A Pedacito Of Yap, Micronesia
Updated: Sep 21
Yap? Where’s that?
Oh, you’re moving to Indonesia.
No, Micro….Micronesia…in the far western Pacific Ocean just above the equator.
This was the typical exchange with friends and strangers alike when I announced in 2016 that I had applied to be a Peace Corps Response Volunteer in one of the most remote and smallest islands in the Pacific Ocean.
Although the Peace Corps gig only lasted a few months, I stayed on for five years living in Colonia, the sole town on the 38 ½ square mile main island. Actually, it’s more of a two-road commercial and government crossroads set in the middle of the eastern side of the four contiguous islands overlooking the surrounding reef.
The day I arrived I was walking down the road when two women, one old, one young, appeared walking toward me. The older woman was bare-breasted, the younger one wore a secondhand T-shirt promoting a rock band and both wore lava lavas, the colorful, handwoven knee-length wrap skirts that women from the distant outer islands favored.
I had read that women’s breasts were not considered erotic on this ancient island – thighs were, but not breasts -- but it was still a shock to this American woman’s sense of propriety. Nonetheless, I soon became accustomed to nodding hello to bare-breasted women in the small grocery stores, the hospital, the bank, even among my neighbors.
Well, it wasn’t really nodding. I learned, too, that a quick, subtle snap of the head upwards was the correct greeting between women. And if you didn’t have time to stop and say hello, it was proper to say “goodbye” as you passed by each other. Time to chat? Say “hello” instead.
My cultural learning curve continued when I saw massive donut-shaped wheels of limestone called “rai” leaning against shops and homes.
It was the island’s unique-in-all-the-world hand-carved stone money that was brought from Palau, 250 miles distant, beginning hundreds of years ago on bamboo rafts towed behind traditional hand-carved canoes to be used as currency.
The largest is 12 feet in diameter and 20 inches thick. The hole in the middle of each one is where a strong bamboo stick is placed for several young men to more easily carry the heavy discs on their shoulders. Most villages also have a stone money “bank” where the currency is lined up along a path.
Although American money has replaced stone money as daily currency, they’re still used to settle certain social debts, the value is not in the size but in the effort it took -- the lives threatened by the ocean-passing and those lost -- to bring the money across the open ocean.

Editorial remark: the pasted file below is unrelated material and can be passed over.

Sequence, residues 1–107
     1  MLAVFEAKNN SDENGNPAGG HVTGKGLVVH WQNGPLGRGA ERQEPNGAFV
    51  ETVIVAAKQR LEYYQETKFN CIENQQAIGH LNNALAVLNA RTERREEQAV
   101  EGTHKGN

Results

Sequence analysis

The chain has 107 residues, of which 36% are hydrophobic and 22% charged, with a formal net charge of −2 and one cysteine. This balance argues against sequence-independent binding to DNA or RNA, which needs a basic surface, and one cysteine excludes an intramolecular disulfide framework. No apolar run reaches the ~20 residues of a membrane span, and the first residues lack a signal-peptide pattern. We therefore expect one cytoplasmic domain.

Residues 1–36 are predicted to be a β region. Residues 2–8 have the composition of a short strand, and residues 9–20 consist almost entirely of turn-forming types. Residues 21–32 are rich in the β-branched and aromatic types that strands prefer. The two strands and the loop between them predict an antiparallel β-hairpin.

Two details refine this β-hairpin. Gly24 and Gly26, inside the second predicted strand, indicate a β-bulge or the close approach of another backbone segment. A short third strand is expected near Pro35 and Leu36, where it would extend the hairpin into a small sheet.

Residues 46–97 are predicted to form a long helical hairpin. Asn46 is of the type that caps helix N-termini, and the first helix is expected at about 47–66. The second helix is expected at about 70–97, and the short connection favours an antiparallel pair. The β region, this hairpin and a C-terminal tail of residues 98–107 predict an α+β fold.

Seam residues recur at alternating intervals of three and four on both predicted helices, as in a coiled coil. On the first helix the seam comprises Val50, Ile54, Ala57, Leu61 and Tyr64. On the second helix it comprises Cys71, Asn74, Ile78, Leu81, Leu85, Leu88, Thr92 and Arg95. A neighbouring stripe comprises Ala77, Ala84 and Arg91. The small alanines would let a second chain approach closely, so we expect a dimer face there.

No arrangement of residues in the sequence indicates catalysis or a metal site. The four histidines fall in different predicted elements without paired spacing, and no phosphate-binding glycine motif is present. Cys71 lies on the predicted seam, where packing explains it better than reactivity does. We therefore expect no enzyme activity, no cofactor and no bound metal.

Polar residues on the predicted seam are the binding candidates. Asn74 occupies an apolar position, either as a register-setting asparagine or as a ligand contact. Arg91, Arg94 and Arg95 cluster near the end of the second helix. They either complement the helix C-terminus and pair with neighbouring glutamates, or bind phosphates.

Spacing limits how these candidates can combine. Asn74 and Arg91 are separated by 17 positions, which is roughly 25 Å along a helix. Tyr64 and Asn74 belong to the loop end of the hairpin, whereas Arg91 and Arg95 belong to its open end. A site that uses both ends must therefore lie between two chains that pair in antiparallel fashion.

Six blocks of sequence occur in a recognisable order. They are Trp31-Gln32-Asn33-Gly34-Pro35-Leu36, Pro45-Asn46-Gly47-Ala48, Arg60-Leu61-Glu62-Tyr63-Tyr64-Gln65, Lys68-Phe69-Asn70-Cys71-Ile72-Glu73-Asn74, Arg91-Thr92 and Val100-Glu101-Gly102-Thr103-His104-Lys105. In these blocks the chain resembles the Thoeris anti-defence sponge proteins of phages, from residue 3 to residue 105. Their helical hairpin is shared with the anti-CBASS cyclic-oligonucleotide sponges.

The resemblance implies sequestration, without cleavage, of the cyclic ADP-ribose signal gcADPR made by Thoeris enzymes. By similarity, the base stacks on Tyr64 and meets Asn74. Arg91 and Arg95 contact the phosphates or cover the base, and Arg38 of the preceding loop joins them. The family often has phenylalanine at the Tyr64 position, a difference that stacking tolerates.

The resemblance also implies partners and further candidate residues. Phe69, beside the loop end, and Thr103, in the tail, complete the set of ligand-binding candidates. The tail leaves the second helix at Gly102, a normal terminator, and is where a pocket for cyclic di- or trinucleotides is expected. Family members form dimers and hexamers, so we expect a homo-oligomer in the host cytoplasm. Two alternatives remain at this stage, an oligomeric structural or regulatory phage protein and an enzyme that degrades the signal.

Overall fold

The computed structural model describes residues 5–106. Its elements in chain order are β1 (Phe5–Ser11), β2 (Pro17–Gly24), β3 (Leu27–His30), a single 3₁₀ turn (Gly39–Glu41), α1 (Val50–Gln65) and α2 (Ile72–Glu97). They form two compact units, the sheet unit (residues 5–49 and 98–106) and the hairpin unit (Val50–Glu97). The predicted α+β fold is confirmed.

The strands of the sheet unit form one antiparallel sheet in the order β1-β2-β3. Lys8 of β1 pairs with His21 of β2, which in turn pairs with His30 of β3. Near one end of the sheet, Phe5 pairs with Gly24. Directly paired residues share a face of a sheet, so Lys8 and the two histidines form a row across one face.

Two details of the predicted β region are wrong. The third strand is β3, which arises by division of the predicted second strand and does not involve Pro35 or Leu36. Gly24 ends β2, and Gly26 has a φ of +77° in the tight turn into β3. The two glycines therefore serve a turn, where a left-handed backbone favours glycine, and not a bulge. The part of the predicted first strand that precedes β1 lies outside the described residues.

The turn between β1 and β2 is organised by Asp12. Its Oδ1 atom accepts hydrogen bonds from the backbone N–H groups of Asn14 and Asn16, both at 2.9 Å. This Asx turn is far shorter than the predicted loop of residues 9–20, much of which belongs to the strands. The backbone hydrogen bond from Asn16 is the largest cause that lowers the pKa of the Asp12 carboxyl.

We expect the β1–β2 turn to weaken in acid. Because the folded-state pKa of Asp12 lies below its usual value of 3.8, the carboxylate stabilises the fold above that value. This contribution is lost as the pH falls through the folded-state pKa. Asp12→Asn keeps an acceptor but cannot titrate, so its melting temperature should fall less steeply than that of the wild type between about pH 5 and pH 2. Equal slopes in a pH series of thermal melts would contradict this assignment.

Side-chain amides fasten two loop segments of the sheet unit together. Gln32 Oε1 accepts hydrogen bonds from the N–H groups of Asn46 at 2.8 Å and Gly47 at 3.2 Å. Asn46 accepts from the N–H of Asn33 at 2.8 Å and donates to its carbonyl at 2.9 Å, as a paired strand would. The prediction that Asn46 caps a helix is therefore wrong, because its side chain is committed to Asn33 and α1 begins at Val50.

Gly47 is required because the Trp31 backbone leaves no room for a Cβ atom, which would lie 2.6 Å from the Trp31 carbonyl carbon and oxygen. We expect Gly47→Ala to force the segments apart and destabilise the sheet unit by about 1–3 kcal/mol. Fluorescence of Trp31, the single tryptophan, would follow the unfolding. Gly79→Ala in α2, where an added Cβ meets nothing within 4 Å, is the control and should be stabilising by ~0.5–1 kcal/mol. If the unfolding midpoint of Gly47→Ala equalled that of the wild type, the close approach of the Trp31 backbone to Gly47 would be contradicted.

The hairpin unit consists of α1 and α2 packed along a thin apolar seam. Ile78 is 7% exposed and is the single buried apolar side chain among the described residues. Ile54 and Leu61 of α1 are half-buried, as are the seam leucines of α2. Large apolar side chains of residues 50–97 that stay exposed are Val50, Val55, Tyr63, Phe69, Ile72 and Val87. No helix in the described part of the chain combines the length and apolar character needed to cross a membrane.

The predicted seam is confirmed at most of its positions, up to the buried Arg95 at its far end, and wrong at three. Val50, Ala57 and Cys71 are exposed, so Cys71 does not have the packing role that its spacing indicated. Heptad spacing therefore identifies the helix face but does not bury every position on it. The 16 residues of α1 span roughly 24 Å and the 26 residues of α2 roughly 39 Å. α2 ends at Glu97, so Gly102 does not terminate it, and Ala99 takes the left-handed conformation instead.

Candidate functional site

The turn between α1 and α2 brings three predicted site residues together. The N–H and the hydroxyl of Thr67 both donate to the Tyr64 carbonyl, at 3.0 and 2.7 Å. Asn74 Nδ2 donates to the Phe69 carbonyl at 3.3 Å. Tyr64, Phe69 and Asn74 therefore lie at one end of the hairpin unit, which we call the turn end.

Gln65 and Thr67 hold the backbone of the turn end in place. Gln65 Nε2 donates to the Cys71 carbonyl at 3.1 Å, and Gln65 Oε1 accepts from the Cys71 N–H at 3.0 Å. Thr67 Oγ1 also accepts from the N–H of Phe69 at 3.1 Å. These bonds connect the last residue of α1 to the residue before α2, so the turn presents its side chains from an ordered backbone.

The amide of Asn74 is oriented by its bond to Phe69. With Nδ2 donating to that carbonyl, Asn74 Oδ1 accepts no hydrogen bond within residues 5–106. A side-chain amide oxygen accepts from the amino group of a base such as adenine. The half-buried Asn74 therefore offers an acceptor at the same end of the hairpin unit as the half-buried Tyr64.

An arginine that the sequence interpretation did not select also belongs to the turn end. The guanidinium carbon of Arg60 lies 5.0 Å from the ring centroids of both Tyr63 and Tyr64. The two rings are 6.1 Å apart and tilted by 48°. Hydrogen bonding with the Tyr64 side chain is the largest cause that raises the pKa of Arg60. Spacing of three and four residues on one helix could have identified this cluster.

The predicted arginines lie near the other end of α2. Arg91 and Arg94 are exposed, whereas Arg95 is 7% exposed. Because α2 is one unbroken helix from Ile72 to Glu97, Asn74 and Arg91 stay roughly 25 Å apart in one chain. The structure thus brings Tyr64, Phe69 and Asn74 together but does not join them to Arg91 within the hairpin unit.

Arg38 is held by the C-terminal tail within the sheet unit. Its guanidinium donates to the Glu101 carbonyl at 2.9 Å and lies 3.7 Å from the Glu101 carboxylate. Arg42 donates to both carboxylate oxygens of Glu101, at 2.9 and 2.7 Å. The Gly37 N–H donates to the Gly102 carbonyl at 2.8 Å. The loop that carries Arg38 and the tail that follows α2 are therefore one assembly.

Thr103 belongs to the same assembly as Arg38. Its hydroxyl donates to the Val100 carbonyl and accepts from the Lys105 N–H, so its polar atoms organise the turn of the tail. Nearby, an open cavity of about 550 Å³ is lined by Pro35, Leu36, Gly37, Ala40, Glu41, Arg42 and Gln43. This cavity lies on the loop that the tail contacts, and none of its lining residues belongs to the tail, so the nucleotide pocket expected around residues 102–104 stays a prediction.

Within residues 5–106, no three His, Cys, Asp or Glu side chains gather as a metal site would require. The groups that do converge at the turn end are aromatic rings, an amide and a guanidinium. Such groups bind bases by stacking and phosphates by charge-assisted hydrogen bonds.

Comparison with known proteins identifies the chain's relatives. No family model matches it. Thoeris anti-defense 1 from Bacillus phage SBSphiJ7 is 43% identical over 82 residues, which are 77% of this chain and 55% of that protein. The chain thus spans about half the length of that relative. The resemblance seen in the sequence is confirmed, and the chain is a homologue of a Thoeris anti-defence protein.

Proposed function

The stones are too heavy to move but their history and who owns each one are said to still be known despite changing hands many times over the years.
And then there are the dances. Men and women slather coconut oil mixed with turmeric on their bodies for a golden sheen, don colorful green, red, and yellow grass skirts for the women, and multi-layered thu’us, or loincloths, for the men, and add on flower crowns, leis, and other natural adornments.
They then line up to perform in fast-paced dances, chanting ancient songs that set up the rhythm, each one telling a tale of a long ocean voyage or other ancient event or myth.
The stick, or bamboo, dance is the only one that’s performed by both men and women together. It combines the sharp click of long bamboo rods with chants, yelps, leaps, and quick hip swishes of the women’s grass skirts.
I love watching the women in their grass skirts arrive in a line and, one-by-one, sit on the ground, carefully arranging their bulky grass skirts under them like cushions before beginning a women’s sitting dance.
An older woman sets up the chant from the sidelines and the dancers take it up, bodies swaying, arms and hands moving in graceful patterns to illustrate the dance’s meaning.
One of the men’s dances involves erotic thrusts of the hip set to grunts and chants that always gets lots of laughter from the audience.
Especially when performed by the youngest dancers, some no more than five or six, who stand on the outer ends of the line attempting to keep up with the older boys who are in charge of correcting the smaller ones and making sure they’re staying focused.
Only the most experienced and best dancers occupy the middle position in the line.
Also known for its resident population of manta rays, vibrant coral reef, and deep ocean caverns, Yap attracts divers from all over the world, but it’s never crowded due to the limited number of flights from Guam.
Yap is one of a handful of places on the earth that is still covid-free. The border closed in April 2020 and is still closed to tourists. But once it opens again, hopefully in 2022, put Yap on your bucket list, pack your t-shirts and zoris, and get ready for one of the most unusual travel experiences of your life.
And for all you women out there, be sure to cover your thighs.
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